The initiators of the January revolution – the liberal, secular and democratic youngsters – are feeling that they are losing control over the movement they launched. While the revolution against Mubarak’s regime was initially led by members of the middle class, now it is being taken over by the simple folk, who pull it in entirely different directions: More Islam and aspirations for the return of a powerful leader.

“Before, we barely had any parties, and now we have too many,” says Mohammad while sipping tea at a Luxor teahouse. The 25-year-old studied industrial design but like many others didn’t find a job and is making a living from tourism. “We need a president that will restore Egypt’s stability. Everything happening around here now greatly harms the state and our economic situation.”

Muhammad, a Muslim, said he will not be voting for one of the Islamist parties and boasts of having Christian friends. “We cannot afford to isolate Egypt from the world,” he said. This is what will happen if the Islamists win the elections. This will harm tourism even more. How will we make a living?

The uncertainty over Egypt’s future under Islamist rule is making some people long for Mubarak’s days. “At the end of the day, he was a good leader,” said Ahmad, a young student. “He did not lead us to adventurous wars; we had stability and security. It’s a pity that at the end he became detached from the people. His great mistake was to groom his son, Gamal, as his successor.”

The Islamists are careful not to voice overly zealous sentiments in respect to Israel. They know that after the elections they will have to swallow some bitter pills. Some of the people interviewed for this article estimated that the Islamists will expel Israel’s ambassador from Cairo should they win the elections but that they still realize they must show some flexibility.

However, the Islamists don’t need to make much effort on the Israel front. The supreme military committee, the transition government and the secular democratic parties are doing the job for them by spreading hateful anti-Israel propaganda and erasing any sign of peace, with the exception of the business normalization. In the days of the previous regime, anti-Israel propaganda was the only area where almost absolute freedom of speech was allowed, but now we are seeing reckless abandon.

Israel is accused of everything – causing the “civil war” between Muslims and Christians, causing the terrible Egyptian economy’s terrible state, and of course, engaging in reckless espionage. The best way to eliminate someone politically is to accuse him of having ties with Israel. Egyptians are eagerly reading reports about Israel’s “secret takeover” during Mubarak’s era; most of the stories are pure inventions meant to implicate former top officials in the gravest crime of all: Normalization with Israel.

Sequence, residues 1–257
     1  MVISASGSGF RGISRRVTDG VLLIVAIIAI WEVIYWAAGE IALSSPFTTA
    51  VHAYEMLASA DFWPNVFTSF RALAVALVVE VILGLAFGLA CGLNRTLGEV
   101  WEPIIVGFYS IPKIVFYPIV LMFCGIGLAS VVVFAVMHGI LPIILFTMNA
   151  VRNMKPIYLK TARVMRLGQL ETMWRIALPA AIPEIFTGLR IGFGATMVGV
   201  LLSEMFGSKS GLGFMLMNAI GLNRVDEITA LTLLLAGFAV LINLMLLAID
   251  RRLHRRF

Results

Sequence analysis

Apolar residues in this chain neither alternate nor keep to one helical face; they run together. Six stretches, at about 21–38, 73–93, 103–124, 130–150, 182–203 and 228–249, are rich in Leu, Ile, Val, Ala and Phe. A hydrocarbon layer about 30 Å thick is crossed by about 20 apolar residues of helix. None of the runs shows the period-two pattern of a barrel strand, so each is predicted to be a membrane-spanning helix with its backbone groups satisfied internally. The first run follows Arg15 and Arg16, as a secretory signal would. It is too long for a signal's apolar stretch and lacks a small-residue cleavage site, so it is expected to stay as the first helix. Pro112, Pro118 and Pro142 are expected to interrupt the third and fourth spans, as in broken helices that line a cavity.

Meanwhile, businessmen associated with the previous regime are accused of planning to sell Cairo’s main streets to the Jewish Agency, “which is planning to take over Cairo as it took over Palestine.” If this hysterical witch-hunt, which is replete with anti-Semitic tones, wasn’t enough, Egyptian daily al-Wafd reported this week that Israel also stole the opera Aida from Egypt.

“Israel, as usual, is exploiting events in Arab states in its favor…as it considers itself a Middle Eastern state, it organized several Aida shows at the Dead Sea on June 5th and 6th. It appears Israel chose those dates in order to celebrate our defeat in the 1967 war. Aida was written especially for Egypt, yet Israel is always trying to take over the property of others.”

July 9, 2011 | 11 Comments »

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  1. The Obama administration having orchestrated the ouster of U.S. ally, moderate Mubarak (who is now under arrest), have achieved exactly what they wanted – the rise to power of their top favorites, the Muslim Brotherhood.

    Which U.S. ally is targeted next for Islamic conquest?

  2. The Jew, or Christian, who takes Marxism or Human Secularism, or whatever they wish to call their treason, as their new “religion”, and joins the enemies of our two faiths, either openly or through silent complicity, in their persecution, are no longer Jews or Christians. They are our enemies as surely as if they were birthed from a Jihadists womb, and deserve no further consideration, but that given to ones enemy.


    “If your brother invites you to worship deities your ancestors did not know, kill him.”

    Tuesday, June 28, 2011
    “As A Jew,” J’Accuse The Ultimate Antisemite

    Whether it comes from respected journalists, politicians, “peace activists,” Nobel prize winners or religious leaders, it is a daily barrage of hate aimed at anyone Jewish. Yet the ultimate anti-Semite is not the gentile that spouts the hatred and bile that has become commonplace once again in the world. The ultimate anti-Semite is the Jew who joins with the persecutors and tries to use the fact that they emerged into this world from a Jewish womb, as a right to destroy their own people. You can’t call them anti-Semite after all they are Jews, they shout…but they are Jews without a shred of attachment to the Jewish people, to history or to reality.